2. When Sachin plays, nobody says a word in the house. No one should ask the score. No questions about Sachin. "Yenna, Sachin out-aaa?" (Is Sachin out?) is the most provocative question to this ST fan. Once a friend asked me that, I followed up with a barrage of words that would make some sailors feel shy.
  3. Superstitions: When Sachin is batting: person A (if present) has to sit on the blue stool, person B always sits on the ground, the blinds are half shut, cell phone is in silent mode and the irritating kid from the neighbours is not let into the house.
  4. Some of us have the 'intellectual' ability to predict how ST will do on the day. From the colour of his gloves, the stripes in his shoes, colour of the grip, the way he looks (i.e. shaven/unshaven, haircut (it's stupid I know!) )...the intuitive mind of this ST fan observes everything and passes a prediction. It is right, most of the times.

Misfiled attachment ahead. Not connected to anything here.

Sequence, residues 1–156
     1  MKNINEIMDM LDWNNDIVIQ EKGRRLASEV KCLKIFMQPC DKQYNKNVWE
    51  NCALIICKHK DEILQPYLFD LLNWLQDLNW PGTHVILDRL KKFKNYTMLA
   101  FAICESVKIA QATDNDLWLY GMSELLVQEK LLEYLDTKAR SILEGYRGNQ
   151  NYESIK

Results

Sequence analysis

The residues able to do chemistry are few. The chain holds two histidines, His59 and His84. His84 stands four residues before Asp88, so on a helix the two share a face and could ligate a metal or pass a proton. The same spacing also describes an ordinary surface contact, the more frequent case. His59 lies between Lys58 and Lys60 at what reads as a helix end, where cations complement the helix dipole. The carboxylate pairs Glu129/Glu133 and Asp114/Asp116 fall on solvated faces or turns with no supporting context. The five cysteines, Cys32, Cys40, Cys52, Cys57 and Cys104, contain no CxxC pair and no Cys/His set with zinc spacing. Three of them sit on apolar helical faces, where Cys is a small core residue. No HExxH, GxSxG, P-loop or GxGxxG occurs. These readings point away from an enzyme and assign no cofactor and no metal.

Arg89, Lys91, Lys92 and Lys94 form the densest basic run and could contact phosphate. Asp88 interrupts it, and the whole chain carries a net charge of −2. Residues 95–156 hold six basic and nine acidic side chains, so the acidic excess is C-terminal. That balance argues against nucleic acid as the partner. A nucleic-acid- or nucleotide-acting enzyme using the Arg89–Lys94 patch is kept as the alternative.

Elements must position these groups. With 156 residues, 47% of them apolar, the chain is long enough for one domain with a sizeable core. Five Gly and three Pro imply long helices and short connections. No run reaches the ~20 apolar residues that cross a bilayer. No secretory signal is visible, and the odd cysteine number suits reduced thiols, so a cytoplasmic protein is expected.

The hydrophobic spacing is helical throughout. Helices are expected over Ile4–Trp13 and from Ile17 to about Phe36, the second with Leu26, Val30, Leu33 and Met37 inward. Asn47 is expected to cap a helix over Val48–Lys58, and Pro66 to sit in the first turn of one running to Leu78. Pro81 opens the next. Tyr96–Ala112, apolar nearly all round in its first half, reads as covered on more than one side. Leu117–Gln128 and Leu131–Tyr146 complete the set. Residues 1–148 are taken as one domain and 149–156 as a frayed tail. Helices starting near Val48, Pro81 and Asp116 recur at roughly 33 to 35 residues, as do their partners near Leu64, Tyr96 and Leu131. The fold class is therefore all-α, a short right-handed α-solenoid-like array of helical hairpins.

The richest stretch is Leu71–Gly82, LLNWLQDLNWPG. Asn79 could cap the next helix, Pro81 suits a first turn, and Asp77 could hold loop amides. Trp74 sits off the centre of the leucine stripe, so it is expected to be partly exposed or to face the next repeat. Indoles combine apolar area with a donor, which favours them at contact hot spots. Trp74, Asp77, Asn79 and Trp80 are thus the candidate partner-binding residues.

5. The heart rate is high during these crucial moments of ST's innings: the first ten deliveries of innings, the first few deliveries after lunch/tea/drinks break, vulnerable sixties and nervous nineties.
  6. Strongly believes that LBW should removed from the rule book. ST has had more than his share of shocking decisions esp the LBW's. It makes sense that it should be banned.
  7. The least favourite last name is Bucknor. Cricket's Morgan Freeman is a good umpire. Unfortunately his decision making seems to err whenever he umpires ST. The name Steve Bucknor has appeared in the black books of any ST fan numerous times. Thank God he is retiring. Good bye Steve!
Over the last few days, a good friend of mine, Ganesh, has made a transition from a serious & passionate ST fan to a Tendulkar Zealot. How? Why? You may ask. Here is the story.